LCBO’s Janet Naidu and KPMG’s Michael Bach talk about the importance of strategic diversity plans and how organizations can create them. (This article was originally published in the February/March 2009 issue of HR Professional Magazine, the official publication of the HRPA. Please note that as of February 2013, Michael Bach left KPMG to create the Canadian Institute of Diversity and Inclusion – CIDI.)
By Duff McCutcheon
Here are two good reasons for implementing a diversity plan in your organization: It’s good for business and it’s a tremendous boon to attracting and retaining talent.
The fact is you can’t afford not to have one. And if you don’t, you can be assured your competitors do. HR Professional talks to LCBO’s Janet Naidu and KPMG’s Michael Bach on the whys and wherefores of strategic diversity plans.
Mirror Your Customers
The first question you must answer in selling the idea of a diversity plan to your senior management (and you’ll need their buy-in) is “why?” Fortunately, it’s easy to answer.
From a business perspective, it makes sense to leverage diversity — new Canadians, gays and lesbians, aboriginals, persons with disabilities — in your workplace. These people mirror your customers. If you’re selling consumer goods and services, these groups make up huge markets that your diverse employees can help you reach.
“Here’s a great example I always trot out when I’m making the business case for diversity,” says KPMG Canada’s director of diversity, Michael Bach. “A few years ago, Frito-Lay was struggling with the launch of a new product — a guacamole-flavoured tortilla chip. It consulted with its Hispanic employees, reformulated the product, tinkered with the branding and boom — it resulted in the company’s most successful product launch ever. They sold $5-million worth of guacamole tortilla chips in the first year.”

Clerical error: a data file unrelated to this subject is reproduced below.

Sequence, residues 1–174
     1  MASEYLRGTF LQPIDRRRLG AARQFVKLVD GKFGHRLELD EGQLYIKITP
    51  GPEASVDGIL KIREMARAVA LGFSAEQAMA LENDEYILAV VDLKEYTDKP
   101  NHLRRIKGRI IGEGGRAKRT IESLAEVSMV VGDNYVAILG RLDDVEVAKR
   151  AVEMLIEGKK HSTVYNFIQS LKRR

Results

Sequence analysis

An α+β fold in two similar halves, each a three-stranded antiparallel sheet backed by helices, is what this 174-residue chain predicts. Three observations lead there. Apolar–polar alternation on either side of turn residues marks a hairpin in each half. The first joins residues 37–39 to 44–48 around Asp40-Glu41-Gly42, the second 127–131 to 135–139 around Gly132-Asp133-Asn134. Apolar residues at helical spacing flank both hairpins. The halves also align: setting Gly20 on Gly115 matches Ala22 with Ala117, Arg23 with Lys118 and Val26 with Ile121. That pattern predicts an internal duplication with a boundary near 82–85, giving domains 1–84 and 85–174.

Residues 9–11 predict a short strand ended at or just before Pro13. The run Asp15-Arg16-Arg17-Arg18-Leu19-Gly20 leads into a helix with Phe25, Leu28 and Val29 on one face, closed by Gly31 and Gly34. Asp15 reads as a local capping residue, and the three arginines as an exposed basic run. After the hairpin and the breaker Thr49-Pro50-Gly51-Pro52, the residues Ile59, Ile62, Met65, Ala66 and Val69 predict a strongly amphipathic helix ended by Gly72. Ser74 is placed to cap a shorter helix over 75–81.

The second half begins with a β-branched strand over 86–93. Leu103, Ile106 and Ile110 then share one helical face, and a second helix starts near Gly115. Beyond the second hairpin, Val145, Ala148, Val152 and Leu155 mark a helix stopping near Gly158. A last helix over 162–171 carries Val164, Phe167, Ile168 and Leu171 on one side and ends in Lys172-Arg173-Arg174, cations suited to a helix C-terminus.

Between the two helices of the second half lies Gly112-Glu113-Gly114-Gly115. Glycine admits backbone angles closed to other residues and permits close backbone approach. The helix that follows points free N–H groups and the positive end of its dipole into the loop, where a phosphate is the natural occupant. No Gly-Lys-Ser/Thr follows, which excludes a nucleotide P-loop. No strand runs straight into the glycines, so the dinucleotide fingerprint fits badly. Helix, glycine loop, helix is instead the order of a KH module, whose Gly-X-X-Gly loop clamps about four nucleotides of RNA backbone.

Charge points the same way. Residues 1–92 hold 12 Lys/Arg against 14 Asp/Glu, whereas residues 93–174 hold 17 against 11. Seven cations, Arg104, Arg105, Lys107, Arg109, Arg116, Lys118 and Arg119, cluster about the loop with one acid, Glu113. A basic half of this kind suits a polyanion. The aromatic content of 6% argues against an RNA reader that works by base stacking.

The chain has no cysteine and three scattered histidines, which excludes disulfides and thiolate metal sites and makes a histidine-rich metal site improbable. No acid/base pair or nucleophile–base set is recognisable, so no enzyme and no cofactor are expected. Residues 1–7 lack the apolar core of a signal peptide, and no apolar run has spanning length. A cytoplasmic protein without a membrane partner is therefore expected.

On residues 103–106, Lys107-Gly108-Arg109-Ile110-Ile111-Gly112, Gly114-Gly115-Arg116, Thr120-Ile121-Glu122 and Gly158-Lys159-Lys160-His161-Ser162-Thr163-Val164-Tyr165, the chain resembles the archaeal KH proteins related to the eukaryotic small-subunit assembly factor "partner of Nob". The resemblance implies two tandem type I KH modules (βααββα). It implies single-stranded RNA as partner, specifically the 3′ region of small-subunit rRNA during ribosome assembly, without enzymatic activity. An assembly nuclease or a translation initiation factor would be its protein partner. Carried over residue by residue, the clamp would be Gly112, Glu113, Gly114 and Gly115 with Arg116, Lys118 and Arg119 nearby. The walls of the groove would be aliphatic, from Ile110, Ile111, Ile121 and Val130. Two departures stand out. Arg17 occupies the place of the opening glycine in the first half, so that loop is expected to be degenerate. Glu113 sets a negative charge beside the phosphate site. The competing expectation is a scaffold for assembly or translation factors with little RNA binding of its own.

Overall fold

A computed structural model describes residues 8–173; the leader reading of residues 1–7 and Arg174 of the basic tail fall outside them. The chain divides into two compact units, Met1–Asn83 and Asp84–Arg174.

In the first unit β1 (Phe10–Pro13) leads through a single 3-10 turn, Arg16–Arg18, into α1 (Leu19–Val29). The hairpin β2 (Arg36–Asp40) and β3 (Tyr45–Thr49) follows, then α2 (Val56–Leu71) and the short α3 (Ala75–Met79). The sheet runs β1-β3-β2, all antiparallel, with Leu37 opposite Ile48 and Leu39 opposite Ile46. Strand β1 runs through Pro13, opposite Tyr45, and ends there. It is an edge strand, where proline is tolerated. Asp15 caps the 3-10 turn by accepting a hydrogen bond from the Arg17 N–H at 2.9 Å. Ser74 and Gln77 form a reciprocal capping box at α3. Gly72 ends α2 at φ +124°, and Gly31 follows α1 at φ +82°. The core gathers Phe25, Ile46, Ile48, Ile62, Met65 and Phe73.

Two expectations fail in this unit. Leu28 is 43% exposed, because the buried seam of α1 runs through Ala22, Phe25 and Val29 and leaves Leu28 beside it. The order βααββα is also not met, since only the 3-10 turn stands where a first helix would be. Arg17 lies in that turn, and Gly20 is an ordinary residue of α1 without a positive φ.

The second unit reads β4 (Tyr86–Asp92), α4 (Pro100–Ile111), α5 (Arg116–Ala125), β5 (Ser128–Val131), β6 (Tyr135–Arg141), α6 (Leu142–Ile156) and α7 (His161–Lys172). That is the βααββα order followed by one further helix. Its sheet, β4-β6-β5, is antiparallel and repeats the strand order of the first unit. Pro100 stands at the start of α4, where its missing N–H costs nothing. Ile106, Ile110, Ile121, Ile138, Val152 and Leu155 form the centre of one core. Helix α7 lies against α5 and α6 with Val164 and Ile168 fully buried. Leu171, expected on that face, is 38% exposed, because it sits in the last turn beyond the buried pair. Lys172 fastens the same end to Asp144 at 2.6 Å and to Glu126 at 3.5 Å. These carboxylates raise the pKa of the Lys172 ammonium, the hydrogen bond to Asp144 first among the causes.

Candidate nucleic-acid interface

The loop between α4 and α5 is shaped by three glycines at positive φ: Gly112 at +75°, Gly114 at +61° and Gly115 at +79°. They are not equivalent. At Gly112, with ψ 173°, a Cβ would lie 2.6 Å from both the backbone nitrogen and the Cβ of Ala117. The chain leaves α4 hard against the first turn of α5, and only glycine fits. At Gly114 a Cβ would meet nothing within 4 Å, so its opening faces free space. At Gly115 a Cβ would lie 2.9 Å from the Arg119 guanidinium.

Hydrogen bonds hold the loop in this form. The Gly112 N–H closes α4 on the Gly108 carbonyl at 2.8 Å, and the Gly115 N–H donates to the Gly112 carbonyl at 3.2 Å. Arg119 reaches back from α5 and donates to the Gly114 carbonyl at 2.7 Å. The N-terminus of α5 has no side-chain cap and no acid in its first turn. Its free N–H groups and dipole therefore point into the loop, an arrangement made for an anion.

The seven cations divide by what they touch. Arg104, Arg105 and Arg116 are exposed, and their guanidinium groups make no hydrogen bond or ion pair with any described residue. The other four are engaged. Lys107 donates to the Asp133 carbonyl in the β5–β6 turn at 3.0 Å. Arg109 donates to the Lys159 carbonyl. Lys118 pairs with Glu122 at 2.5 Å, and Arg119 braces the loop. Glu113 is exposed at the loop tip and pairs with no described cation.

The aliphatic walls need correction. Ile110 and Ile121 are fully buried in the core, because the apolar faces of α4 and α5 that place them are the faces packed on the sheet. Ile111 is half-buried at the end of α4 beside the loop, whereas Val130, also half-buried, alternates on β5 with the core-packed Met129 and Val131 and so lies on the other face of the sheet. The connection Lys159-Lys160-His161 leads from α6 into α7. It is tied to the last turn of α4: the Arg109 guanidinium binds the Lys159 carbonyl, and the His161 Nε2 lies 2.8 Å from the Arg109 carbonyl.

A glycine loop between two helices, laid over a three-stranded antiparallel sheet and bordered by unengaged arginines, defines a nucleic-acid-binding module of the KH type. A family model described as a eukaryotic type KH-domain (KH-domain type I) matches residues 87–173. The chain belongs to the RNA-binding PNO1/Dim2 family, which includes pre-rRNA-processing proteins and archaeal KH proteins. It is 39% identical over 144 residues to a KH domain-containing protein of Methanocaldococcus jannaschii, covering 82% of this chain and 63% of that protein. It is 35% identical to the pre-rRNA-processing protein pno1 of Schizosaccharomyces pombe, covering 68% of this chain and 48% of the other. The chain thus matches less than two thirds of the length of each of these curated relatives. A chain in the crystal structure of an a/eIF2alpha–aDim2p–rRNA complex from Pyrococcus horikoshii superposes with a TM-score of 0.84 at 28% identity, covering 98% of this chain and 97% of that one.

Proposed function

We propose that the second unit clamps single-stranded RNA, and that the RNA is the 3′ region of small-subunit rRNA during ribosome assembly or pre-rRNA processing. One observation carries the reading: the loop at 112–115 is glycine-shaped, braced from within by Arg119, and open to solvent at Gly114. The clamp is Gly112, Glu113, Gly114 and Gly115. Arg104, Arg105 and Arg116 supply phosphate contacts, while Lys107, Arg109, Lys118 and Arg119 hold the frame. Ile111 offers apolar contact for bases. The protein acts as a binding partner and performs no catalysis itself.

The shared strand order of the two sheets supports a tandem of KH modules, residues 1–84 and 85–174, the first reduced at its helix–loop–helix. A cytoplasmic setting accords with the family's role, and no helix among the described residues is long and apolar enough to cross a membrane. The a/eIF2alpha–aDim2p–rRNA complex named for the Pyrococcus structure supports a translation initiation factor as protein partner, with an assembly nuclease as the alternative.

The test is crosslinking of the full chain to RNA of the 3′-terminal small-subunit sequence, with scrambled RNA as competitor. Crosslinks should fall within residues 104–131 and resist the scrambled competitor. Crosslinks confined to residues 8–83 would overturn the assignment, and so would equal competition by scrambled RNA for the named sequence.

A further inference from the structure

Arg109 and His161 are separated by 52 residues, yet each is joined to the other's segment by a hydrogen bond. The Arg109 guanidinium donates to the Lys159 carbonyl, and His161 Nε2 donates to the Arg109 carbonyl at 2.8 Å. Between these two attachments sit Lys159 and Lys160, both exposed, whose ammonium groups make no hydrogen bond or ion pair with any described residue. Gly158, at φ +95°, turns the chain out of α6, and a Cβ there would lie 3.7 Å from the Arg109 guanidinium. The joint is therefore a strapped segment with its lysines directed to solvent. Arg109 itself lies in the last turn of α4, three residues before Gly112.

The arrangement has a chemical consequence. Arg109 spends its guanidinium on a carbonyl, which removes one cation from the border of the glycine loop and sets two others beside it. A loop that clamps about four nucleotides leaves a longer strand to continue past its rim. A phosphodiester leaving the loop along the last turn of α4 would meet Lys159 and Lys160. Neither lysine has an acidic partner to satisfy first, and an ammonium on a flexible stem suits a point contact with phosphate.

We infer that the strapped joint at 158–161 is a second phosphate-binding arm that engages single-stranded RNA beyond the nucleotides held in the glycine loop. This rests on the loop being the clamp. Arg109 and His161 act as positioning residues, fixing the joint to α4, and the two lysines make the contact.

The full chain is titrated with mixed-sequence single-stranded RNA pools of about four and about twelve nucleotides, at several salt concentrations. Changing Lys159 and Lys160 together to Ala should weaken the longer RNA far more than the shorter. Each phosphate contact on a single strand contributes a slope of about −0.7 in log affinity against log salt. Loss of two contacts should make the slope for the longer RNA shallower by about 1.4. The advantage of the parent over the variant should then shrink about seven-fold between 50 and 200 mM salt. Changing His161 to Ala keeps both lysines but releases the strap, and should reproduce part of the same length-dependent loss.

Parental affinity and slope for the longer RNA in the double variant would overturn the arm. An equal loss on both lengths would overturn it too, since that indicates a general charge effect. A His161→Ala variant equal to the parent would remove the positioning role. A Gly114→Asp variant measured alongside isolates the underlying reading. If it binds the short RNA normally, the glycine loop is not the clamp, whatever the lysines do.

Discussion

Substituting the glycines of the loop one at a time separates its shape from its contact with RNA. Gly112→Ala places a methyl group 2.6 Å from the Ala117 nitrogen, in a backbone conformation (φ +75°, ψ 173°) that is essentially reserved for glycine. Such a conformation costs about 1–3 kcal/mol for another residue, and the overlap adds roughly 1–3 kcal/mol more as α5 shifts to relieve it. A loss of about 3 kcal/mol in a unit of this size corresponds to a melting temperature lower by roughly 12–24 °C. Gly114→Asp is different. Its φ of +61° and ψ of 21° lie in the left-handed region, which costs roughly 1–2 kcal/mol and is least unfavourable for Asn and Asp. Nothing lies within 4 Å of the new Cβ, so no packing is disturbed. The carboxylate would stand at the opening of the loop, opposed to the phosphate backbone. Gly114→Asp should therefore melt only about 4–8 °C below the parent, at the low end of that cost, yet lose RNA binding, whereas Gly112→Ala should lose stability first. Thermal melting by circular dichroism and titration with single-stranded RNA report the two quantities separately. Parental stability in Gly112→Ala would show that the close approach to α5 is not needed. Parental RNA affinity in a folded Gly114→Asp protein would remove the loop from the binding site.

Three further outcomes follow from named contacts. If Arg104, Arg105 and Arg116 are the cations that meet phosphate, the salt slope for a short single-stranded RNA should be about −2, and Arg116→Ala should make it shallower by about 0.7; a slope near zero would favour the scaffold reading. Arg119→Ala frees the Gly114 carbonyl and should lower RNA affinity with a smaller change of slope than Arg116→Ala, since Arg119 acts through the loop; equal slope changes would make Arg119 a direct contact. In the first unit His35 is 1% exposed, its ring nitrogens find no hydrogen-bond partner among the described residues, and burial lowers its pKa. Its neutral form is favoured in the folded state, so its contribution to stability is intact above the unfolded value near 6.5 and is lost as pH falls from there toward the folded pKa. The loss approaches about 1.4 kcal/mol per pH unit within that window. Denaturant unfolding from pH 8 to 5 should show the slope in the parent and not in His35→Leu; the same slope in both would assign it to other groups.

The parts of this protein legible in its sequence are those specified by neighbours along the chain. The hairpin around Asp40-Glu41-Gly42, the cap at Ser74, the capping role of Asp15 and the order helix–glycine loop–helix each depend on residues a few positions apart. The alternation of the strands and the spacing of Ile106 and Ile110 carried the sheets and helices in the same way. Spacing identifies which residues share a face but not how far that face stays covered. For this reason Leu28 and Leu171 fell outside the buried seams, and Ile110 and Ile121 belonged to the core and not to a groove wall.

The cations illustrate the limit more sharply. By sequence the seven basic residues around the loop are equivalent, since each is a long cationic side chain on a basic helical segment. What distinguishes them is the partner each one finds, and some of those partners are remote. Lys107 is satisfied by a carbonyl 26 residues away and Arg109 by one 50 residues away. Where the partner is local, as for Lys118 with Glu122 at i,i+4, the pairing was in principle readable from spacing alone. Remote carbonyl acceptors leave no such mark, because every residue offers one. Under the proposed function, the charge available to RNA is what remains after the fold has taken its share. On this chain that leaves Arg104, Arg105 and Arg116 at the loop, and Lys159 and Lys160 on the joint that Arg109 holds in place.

Building Your Brand
Then there’s the HR rationale. If you want to attract the best and brightest — from around the world — you need to show that you’re an employer that embraces everyone. Leveraging diversity into your employer brand shows new Canadians that your company is a good place to work.
And once you’ve got them, it helps to keep people happy and engaged. “An inclusive workplace means people from all walks of life can bring their whole selves to work and not leave anything at the door,” says Bach. They’re more engaged, and therefore more productive and ultimately the company becomes more profitable.
Your diversity business case should address how diversity fits the needs of the organization (recruiting and retention, new markets) and what shape it will take.
“Getting buy-in is critical. It means the difference between having a plan with teeth, and being seen as a soft, ‘nice to have’ initiative,” says Liquor Control Board of Ontario (LCBO) diversity manager, Janet Naidu.
Once you’ve got senior leadership buy-in, Naidu suggests testing the workplace waters with an employee survey on diversity, gauging interest, general knowledge and thoughts on hiring and accessibility. It provides an idea of where your employees’ heads are vis-à-vis diversity and can be done via employee focus groups or anonymous e-mail surveys.